The park was developed from the old Homsey Wood and it opened in 1862. It was very tempting to kick through the fallen leaves. From here we crossed a major road and continued our walk along the New River path. The New River isn't new and also isn't a river. It is an artificial watercourse that was completed in 1613 so that fresh water could be brought to London from springs near Ware in Hertfordshire. Originally it was a 40 mile course that followed the contours of the land and dropped about 2 inches every mile. Gravity moved the water along.
After crossing Seven Sister's Road we reached Stoke Newington's East Reservoir. As we walked beside it with modern apartments on our right we came across these lovely characters. First there was Mole,
and then there was Toad.
I kept hoping we'd come across Ratty but we didn't. However as we walked alongside the West reservoir we came across a giant silver ball water feature
The light on the ball and the reflection in its surface makes me think of a large Christmas pudding. If I'd taken the photo from slightly further to the left it would have appeared to have greenery on the top.Behind the ball was a second water feature.
On the wall of the apartment block this creeper gave a great autumnal feel.
I took a minute to look across the reservoir
As we came to the end of the stretch of walk along the water we came across a disused pumping station. This was built in 1855 and is known as The Castle. It's now an indoor climbing centre.
I loved the towers and turrets on the building. From here we walked along the road a little way until we came to Clissold Park. This park was named after the Reverend Augustus Clissold who was a local parson in the 19th century. Against the wishes of her father, who hated parsons, he courted Eliza Crawshay in secret. Mr Crawshay owned the mansion which was known as Paradise House and after his death when the Rev Clissold and Eliza married they renamed the mansion Clissold House. The house still stands in Clissold Park.
The arms of the benches in the park are very cute.
As we were leaving the park we walked past St Mary's Church Stoke Newington, whose spire of 220 feet sores above the park.
Down the road from the church we came across a plaque to mark where Edgar Allan Poe went to school.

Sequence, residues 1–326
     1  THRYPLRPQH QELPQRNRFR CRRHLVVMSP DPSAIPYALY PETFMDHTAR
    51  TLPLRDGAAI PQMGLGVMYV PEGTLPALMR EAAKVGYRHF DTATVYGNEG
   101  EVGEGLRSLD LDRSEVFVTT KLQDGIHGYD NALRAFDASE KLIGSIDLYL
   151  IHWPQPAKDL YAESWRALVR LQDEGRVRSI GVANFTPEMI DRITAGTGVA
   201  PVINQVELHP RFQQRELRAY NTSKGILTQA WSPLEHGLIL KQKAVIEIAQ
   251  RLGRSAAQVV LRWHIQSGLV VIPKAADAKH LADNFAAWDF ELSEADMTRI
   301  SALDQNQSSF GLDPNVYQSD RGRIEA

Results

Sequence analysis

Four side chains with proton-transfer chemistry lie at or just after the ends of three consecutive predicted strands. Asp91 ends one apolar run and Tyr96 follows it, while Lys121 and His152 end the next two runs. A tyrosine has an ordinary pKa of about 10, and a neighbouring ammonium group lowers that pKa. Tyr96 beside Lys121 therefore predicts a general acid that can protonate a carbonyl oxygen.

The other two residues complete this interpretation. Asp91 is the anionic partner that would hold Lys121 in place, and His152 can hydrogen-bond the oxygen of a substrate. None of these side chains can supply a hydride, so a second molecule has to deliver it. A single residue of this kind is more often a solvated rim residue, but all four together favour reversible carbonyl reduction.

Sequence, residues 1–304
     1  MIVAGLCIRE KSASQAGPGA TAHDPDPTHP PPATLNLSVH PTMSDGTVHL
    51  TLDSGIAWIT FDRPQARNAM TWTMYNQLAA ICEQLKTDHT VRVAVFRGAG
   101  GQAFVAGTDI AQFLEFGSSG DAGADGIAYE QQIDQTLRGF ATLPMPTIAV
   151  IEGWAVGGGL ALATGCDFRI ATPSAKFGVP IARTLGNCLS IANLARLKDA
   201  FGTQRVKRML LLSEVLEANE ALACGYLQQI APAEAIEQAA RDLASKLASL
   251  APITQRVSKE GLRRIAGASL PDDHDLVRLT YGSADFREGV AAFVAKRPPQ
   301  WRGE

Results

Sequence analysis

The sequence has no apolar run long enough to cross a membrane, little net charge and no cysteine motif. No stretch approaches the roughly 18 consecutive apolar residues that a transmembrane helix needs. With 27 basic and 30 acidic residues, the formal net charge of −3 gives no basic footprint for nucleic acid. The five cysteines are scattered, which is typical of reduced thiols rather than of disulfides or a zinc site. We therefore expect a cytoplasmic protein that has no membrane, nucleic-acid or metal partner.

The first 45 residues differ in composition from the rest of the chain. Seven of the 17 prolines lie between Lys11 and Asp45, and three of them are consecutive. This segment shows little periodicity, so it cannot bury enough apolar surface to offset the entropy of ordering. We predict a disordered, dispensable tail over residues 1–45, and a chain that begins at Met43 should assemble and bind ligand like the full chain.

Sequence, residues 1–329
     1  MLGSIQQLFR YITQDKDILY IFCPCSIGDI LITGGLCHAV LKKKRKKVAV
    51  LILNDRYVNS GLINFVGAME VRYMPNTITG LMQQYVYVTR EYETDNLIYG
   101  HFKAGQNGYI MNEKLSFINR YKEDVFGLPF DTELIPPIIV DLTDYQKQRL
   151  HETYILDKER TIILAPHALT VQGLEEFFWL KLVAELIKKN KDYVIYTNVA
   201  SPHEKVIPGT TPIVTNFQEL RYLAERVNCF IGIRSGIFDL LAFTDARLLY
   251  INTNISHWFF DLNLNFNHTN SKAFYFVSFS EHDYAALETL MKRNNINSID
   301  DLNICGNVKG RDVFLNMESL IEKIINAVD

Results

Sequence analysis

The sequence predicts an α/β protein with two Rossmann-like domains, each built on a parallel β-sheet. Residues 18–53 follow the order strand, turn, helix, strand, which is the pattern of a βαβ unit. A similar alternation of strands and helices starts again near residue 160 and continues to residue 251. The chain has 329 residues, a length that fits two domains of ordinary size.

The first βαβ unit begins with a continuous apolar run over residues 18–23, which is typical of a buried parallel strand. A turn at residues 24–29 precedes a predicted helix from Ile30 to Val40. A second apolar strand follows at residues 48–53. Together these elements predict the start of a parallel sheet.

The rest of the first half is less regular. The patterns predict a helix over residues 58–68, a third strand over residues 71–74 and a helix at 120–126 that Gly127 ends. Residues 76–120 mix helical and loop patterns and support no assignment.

In the 17th and 18th century Stoke Newington was a refuge for dissenters who were excluded from the City of London. One of the dissenters was Daniel Defoe (1660 -1731) Defoe was a writer, political activist and a secret agent and his life is marked by a blue plaque on the wall of his house in Church Street.
Not far from this house we entered Abney Park Cemetery. The cemetery was laid out in 1840 but never consecrated which meant religious dissenters living in the area could be buried there. The cemetery is also a nature reserve. There are over 300,000 graves and one of them is the tomb of William Booth (1829 - 1912) who founded the Salvation Army and his wife Catherine.
The war memorial in the cemetery is maintained by the Commonwealth War Graves Commission which was set up in 1917.
This derelict chapel was close by the war memorial, built in 1840, it's at the centre of the cemetery
It would have been interesting to have a good wander round the cemetery but the weather was quite cool and rather drizzly so we left by the main gate and followed the map until we came to the Lea navigation where it flows with the River Lea. The Capital Ring joins the path beside the Lea Navigation for 3 miles.
Springfield Marina was full of narrow boats.
As we walked along the bank I spotted the Belted Galloway cows.
On our right was the Lee Navigation and on the left the Walthamstow Marshes Nature reserve. The marsh is one of the few remaining areas of natural wetland in Greater London. Having passed under the bridge carrying the Lea Bridge Road the navigation and the river part company and we continued to follow the navigation. Behind a long brick wall are the former Middlesex filter beds which is now a nature reserve. We went into the reserve to see the Hackney Henge. This is Hackney's version of Stonehenge. It's formed from the concrete blocks that provided a base for a pumping station
As we continued along the towpath we passed the 2012 Olympic Stadium. The area has since been redeveloped.
On the opposite bank were restaurants selling street food.
I liked the artwork on this building.
The main Olympic stadium which is now the home of West Ham football club.
Here we left the Capital Ring to take a short detour to the station. This is where we will start the next section.
It was a great walk although I found it rather tiring. I can't wait to do the next section but we haven't set a date yet.
Tomorrow is a sewing day, I can't wait.